Defining Success for Women in Society
This quote from a Voice of America news article caught my eye today:
“I was married the week after I got out of college and when my children they would say to me well how come so and so went to law school, and she was your age? And I would say, ‘She was a failure. I was a success.’ Because success in 1959 was to go to college, graduate from college and get married.”
This is a fascinating way to look at how we measure ourselves against the society we grow up in. For that woman, and for that society at that time, success for women was fairly strictly defined. And that statement reinforces my thoughts about Azerbaijan being set at different decades of development when compared to Europe or the US. It’s not really a fair comparison, but there is no doubt that certain aspects of Azerbaijan feel very much like eras past of countries in the “developed” world (I still remember stepping off the plane in Baku, my first step into Azerbaijan, and thinking about how it reminded me of what we imagine as the 1950s). Instead of thinking about the buildings and environment, however, the statement above strikes very closely to the ideal of women in Azerbaijan, whose socially-defined success ends at getting married and having children. For women in villages, that statement expects too much by including going to college. I think it’s fair to say that the aspirations for many women here, and the expectations of parents for their daughters, is to get married. So much so that early marriage is still a problem in Azerbaijan. For a woman in Azerbaijan, success is defined as getting married and having children.
This reality hit me in an unexpected way last week when I was discussing a new soccer camp we’ll be doing for girls in Lənkəran next week. The plan is to get about 40 girls from Lənkəran together at the sports school and teach them basic things about playing soccer, staying healthy, and being active. We’ve got some fantastic soccer players here who are PCVs running the camp, and we’re also having some of the players from the local Xəzər Lənkəran soccer team join us!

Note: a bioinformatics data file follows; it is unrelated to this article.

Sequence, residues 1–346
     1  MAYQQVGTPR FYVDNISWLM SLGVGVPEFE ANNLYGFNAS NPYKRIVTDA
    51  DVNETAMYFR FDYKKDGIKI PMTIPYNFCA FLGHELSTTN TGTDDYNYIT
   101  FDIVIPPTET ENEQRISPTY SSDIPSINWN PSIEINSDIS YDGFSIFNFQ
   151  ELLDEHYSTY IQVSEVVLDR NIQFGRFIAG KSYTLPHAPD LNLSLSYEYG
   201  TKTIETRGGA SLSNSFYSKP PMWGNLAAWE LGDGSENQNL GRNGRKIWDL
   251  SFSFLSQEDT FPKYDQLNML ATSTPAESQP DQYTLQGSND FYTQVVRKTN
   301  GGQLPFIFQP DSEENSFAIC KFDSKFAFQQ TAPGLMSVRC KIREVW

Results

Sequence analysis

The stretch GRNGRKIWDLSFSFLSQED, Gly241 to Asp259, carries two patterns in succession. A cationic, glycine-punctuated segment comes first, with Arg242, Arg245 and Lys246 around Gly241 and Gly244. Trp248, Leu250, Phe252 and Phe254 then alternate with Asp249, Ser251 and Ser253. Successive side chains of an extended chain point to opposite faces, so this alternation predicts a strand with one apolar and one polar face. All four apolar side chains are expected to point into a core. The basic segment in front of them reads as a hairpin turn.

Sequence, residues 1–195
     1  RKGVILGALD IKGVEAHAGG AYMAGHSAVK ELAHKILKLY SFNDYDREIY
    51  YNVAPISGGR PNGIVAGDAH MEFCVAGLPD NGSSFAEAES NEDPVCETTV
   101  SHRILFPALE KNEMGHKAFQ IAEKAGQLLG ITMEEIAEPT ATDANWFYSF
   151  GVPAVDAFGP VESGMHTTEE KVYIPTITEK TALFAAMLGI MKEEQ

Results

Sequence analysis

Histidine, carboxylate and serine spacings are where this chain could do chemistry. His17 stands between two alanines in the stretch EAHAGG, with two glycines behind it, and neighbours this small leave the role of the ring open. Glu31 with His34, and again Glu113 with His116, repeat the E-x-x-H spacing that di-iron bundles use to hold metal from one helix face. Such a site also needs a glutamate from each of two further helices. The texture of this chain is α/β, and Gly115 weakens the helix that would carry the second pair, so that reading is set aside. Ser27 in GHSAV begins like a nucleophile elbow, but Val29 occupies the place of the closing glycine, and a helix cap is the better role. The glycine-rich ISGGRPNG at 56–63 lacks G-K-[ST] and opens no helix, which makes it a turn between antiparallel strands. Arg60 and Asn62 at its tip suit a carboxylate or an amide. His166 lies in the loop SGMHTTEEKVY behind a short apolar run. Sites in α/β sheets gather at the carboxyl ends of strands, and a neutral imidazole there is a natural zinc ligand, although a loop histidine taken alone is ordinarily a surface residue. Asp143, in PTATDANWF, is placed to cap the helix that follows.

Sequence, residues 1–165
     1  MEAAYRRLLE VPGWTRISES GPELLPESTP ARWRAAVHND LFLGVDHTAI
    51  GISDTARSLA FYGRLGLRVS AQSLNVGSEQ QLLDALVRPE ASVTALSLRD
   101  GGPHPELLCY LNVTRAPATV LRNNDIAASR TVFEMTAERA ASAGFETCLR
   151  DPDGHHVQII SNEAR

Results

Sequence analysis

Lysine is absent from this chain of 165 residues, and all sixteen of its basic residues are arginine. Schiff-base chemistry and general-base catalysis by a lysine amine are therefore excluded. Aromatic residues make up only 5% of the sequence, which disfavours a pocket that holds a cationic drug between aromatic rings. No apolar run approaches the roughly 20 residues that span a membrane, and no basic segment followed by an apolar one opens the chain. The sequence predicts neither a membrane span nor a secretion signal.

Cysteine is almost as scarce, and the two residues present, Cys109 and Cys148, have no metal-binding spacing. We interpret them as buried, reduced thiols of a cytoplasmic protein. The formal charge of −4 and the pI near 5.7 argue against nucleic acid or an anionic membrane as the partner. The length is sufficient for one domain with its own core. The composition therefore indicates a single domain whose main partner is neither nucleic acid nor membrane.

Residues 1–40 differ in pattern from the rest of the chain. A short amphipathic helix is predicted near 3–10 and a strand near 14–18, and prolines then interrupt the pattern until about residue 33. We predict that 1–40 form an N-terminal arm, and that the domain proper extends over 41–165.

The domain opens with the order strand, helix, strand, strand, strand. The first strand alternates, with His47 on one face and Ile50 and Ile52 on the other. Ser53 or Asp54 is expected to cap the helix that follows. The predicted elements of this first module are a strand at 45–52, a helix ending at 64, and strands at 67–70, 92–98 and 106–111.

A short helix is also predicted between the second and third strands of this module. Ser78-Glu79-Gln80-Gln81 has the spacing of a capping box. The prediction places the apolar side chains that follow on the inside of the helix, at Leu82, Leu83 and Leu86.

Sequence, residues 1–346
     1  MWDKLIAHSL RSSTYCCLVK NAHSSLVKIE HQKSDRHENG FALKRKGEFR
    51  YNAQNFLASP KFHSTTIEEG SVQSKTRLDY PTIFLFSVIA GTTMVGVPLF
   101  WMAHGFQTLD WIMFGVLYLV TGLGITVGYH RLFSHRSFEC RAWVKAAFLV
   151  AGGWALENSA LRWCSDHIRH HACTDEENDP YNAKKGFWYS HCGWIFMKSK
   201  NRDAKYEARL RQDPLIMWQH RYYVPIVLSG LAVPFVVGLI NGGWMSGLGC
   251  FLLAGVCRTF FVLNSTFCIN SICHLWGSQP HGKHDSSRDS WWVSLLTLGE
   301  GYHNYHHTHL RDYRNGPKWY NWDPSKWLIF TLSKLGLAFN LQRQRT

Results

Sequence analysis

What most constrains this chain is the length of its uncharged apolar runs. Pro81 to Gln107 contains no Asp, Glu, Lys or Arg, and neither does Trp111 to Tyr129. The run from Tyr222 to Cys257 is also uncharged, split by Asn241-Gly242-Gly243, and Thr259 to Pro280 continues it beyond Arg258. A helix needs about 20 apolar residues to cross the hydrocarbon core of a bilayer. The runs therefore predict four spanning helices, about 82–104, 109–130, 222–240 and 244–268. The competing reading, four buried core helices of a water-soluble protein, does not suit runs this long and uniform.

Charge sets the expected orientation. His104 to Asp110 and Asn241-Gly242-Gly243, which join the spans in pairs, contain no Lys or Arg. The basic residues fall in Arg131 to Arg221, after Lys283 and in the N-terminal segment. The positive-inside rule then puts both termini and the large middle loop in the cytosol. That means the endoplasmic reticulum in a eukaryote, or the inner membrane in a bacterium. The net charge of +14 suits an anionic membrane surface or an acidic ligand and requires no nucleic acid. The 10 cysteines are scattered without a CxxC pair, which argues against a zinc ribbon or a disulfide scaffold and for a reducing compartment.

This sounds great, right? Right. But imagine that your perspective on women in society is that their main role is to get married and have kids. In discussing getting funding to put on this camp with my Branch Manager at the bank, we talked about why we were doing the camp. Rahman talked about this camp being a big competition, with a championship at the end, which really isn’t built into the camp since this is more about teaching skills than having a tournament. He then talked about this being an opportunity for coaches from around Azerbaijan to basically scout for promising players for girls’ teams. Again, this misses the point of the camp. Rahman was exasperated by me when I explained that the camp wasn’t really either of those things, and the only question he could come up with was, “Then why do girls need to play soccer?”
Yes: this is where our American and Azerbaijani perspectives on women crash into each other. From the point of view of someone whose mindset says that male and female gender roles are relatively fixed, and that the woman’s measure of success is getting married, there really is very little reason, in this conception, for girls to play soccer. Explaining that women should be active and should be participating in things like sports to stay healthy didn’t really convince him. As a bank manager, he’s much more focused on results than he his on whatever processes you use to get there; thus, the lack of a “result” from a tournament or a possibility of being recruited precipitated the above question.
This also lays bare a sort of cultural imperialism as we American PCVs seek to get women in our host countries more active and empowered. Fortunately for my sanity, it’s a type of cultural imperialism that I have no problem attempting to impose. That makes my service here as a PCV much less anthropological and much more normative, not only recognizing the differences in culture but also seeking to make moves toward a more Western conception of women in society. As far as I know, these ideas of women’s emancipation have available in Azerbaijani literature for hundreds of years. Mirvarid Dilbazi described her conceptions of it in a fascinating interview with Azerbaijan International in the 1990s, talking about the ideas contained in Azeri plays:
Between the 1920s and 1930s, the most burning issue among the Azerbaijani intelligentsia related to women’s emancipation. This theme became very popular in literature. For example, there was Jafar Jabbarli’s play “Sevil,” Mammad Said Ordubadi’s “Misty Tabriz,” and others. What was meant by women’s emancipation was first of all taking off the chadors [veils], then women’s participation in governmental affairs and women’s literacy.
So, with ideas like that around for so long (and let’s not forget that the Azerbaijani Democratic Republic in 1918 also granted women voting rights before the USA), how long does it take for a society to shift their conceptions of success for women? It also makes me curious about how we would articulate a socially-defined measure of success for women today in America.